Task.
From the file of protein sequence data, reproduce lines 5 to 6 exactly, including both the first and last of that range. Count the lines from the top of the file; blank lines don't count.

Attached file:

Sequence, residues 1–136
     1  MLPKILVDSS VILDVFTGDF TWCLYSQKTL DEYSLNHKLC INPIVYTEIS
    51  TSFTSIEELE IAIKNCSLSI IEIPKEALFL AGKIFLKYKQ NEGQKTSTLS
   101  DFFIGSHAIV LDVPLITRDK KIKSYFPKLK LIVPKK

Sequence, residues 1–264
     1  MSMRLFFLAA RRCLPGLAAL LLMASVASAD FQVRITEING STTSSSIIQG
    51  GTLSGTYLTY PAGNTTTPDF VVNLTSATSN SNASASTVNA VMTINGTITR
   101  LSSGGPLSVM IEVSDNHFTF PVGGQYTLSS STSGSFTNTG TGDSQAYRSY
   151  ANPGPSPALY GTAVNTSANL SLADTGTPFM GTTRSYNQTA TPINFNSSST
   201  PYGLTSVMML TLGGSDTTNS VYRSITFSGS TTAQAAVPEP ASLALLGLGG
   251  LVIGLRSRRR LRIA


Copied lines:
Sequence, residues 1–264
     1  MSMRLFFLAA RRCLPGLAAL LLMASVASAD FQVRITEING STTSSSIIQG